Youth (pre-puberty) strength and conditioning programs have been on the rise, in the U.S., in recent years. There are several benefits for youth athletic development programs, but for many there is an associated stigma. A more common parental concern the industry faces is the stunting of a child’s growth.
- Fact and Fallacy: Stunting Growth
This concern arises from the potential of growth plates in long bones becoming damaged and therefore not performing efficiently. The growth plate, or epiphyseal plate, is what allows a bone to grow until the plate seals once it has reached full development. It can become damaged due to trauma. Damage to the growth plate can occur, especially in contact sports, but a properly structured and supervised strength and conditioning program will actually teach proper movement patterns and strengthen the muscles around the long bones protecting them from potential trauma in many sports. A properly structured program will include greater volumes and lower intensities. These programs will also limit high intensity Olympic lifts and plyometric training, often emphasizing proper landing mechanics to protect the athlete from injuries in sport.
A less common, but still present, stigma is an athlete becoming muscle bounded. This is a fear that an athlete will be riddled with muscle and become to “bulky” to perform well.
- Fallacy: Muscle Bounded
Youth athletes do not have to worry about becoming too bulky because they do not have the hormonal support to put on that amount of mass. A properly structured athletic performance program also contains a mobility component that will offset the loss of range of motion.
We have also had several parents express their concerns with their kid not needing to do strength training but “just needs to get faster”. Almost all athletes want to be faster and speed/ power is a critical component in most sports. It is extremely rare that it is the only component that needs to developed (almost never in youths).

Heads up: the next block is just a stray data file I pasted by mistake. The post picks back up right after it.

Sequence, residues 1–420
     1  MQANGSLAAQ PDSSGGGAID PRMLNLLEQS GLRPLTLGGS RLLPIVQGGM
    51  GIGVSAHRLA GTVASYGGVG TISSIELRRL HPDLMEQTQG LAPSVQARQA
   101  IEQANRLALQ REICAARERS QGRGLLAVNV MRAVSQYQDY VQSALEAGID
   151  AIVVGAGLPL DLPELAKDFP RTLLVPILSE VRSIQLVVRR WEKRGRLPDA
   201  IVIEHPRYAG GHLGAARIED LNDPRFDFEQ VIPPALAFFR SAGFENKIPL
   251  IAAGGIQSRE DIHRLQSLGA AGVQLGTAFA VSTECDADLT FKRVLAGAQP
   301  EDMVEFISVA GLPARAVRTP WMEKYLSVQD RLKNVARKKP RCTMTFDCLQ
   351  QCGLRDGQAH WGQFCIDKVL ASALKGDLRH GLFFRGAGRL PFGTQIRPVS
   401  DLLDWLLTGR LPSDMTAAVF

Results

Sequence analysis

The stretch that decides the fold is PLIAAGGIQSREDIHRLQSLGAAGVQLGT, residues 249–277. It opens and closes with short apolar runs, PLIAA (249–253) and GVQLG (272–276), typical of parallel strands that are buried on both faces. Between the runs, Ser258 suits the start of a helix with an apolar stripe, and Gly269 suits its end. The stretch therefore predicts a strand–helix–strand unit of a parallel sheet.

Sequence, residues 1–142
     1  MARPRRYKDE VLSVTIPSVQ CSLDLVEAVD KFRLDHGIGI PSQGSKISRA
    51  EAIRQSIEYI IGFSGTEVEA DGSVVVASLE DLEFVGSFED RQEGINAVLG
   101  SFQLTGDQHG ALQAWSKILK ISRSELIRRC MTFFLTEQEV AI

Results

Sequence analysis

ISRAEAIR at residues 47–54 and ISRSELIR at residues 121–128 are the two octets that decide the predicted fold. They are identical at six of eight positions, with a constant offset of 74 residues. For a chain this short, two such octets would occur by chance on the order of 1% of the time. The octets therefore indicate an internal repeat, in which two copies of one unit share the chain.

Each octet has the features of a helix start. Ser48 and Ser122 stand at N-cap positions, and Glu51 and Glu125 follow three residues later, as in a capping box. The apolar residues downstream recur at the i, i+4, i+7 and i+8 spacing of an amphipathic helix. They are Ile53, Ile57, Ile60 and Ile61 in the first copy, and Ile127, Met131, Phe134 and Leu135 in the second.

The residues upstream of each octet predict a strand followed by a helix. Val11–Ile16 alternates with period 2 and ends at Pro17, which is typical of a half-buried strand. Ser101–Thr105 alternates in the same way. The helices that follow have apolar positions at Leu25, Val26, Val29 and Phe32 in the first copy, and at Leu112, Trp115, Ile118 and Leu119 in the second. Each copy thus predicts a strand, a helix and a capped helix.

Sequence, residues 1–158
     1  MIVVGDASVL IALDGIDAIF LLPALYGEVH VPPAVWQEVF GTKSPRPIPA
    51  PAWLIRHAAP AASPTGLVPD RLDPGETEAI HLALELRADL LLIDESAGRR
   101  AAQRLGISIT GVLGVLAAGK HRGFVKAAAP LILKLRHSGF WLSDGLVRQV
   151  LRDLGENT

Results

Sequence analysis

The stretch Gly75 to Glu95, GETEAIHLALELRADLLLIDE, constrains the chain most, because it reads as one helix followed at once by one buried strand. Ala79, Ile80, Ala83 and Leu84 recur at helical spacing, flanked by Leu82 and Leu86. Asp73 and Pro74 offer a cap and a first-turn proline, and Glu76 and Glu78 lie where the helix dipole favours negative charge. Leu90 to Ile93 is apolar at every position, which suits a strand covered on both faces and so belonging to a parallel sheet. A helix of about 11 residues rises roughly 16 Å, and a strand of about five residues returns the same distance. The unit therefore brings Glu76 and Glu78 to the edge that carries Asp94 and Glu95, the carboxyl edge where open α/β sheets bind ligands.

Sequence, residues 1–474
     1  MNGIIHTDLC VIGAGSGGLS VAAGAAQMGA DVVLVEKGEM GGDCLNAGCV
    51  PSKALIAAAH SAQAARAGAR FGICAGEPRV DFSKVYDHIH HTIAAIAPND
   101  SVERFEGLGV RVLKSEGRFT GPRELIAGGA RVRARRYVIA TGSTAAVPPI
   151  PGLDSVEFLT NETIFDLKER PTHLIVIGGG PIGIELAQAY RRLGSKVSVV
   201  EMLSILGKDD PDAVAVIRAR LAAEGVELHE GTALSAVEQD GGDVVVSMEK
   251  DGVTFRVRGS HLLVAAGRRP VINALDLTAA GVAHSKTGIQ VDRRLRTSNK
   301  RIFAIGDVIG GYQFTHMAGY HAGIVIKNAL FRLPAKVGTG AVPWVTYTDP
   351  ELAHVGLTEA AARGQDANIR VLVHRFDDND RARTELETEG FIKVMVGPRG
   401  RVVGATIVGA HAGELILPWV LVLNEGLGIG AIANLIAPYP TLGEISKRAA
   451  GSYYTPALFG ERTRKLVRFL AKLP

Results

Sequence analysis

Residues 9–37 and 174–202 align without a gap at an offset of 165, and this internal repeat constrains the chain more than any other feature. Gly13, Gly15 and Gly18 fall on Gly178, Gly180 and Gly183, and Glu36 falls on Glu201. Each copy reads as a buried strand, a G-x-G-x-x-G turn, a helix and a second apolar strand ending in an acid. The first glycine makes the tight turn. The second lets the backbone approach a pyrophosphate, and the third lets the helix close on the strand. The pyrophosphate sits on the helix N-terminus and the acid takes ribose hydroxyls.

- Fallacy: My Kid Doesn’t Need Strength, They Need to Get Faster!
A youth training program is designed to improve all components of athletic development in order to protect the athlete. Youth athletes do need resistance training in order to protect their bones, learn proper ways to use their body and too encourage their development through and post puberty. In a well-structured youth training program the emphasis is on the neurological aspect of movement. Learning the proper movement patterns can assist a young athlete’s speed but more importantly it will mitigate potential risks that are inherent in most sports.
- Rationale: Benefits of Youth Training
The recurring theme in youth training is safety. Even in youth sports there is a lot of physical stress on young athletes. When coupled with a structured program and supervised by a professional, these stressors can be prepared for. Mobility, resistance training (high volume, low intensity), landing mechanics and movement patterns, should all be emphasized in their training. There are sensitive time periods in life to learn new skills (before the age of 15). Sport specific skills, such as change of direction, are needed to reduce injury and delays in progression.
As long as they are well structured and supervised by professionals, youth strength and conditioning programs are safe and can even reduce risks of injury in sport and play.
- Coach Sean Mathis
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